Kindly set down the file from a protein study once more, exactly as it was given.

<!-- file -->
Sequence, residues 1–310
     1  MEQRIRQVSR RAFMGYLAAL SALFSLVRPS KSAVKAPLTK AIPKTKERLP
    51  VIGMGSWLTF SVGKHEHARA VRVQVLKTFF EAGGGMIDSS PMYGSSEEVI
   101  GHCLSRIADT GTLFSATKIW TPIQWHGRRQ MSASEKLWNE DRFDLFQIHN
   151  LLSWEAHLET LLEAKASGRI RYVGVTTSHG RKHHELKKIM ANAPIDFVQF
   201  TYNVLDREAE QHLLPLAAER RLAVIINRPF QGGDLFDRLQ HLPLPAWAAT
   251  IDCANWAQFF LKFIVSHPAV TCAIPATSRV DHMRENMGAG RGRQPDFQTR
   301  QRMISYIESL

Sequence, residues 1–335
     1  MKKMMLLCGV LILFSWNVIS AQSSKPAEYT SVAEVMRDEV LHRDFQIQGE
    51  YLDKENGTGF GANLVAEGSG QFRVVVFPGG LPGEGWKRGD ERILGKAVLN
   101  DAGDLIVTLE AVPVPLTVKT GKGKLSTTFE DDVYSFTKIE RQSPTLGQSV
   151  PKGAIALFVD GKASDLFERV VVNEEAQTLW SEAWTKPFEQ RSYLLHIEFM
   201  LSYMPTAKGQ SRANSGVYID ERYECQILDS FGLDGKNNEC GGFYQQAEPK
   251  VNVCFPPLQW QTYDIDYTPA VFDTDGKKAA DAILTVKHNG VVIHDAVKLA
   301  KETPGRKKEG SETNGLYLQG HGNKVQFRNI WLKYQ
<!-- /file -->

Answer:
Sequence, residues 1–310
     1  MEQRIRQVSR RAFMGYLAAL SALFSLVRPS KSAVKAPLTK AIPKTKERLP
    51  VIGMGSWLTF SVGKHEHARA VRVQVLKTFF EAGGGMIDSS PMYGSSEEVI
   101  GHCLSRIADT GTLFSATKIW TPIQWHGRRQ MSASEKLWNE DRFDLFQIHN
   151  LLSWEAHLET LLEAKASGRI RYVGVTTSHG RKHHELKKIM ANAPIDFVQF
   201  TYNVLDREAE QHLLPLAAER RLAVIINRPF QGGDLFDRLQ HLPLPAWAAT
   251  IDCANWAQFF LKFIVSHPAV TCAIPATSRV DHMRENMGAG RGRQPDFQTR
   301  QRMISYIESL

Sequence, residues 1–335
     1  MKKMMLLCGV LILFSWNVIS AQSSKPAEYT SVAEVMRDEV LHRDFQIQGE
    51  YLDKENGTGF GANLVAEGSG QFRVVVFPGG LPGEGWKRGD ERILGKAVLN
   101  DAGDLIVTLE AVPVPLTVKT GKGKLSTTFE DDVYSFTKIE RQSPTLGQSV
   151  PKGAIALFVD GKASDLFERV VVNEEAQTLW SEAWTKPFEQ RSYLLHIEFM
   201  LSYMPTAKGQ SRANSGVYID ERYECQILDS FGLDGKNNEC GGFYQQAEPK
   251  VNVCFPPLQW QTYDIDYTPA VFDTDGKKAA DAILTVKHNG VVIHDAVKLA
   301  KETPGRKKEG SETNGLYLQG HGNKVQFRNI WLKYQ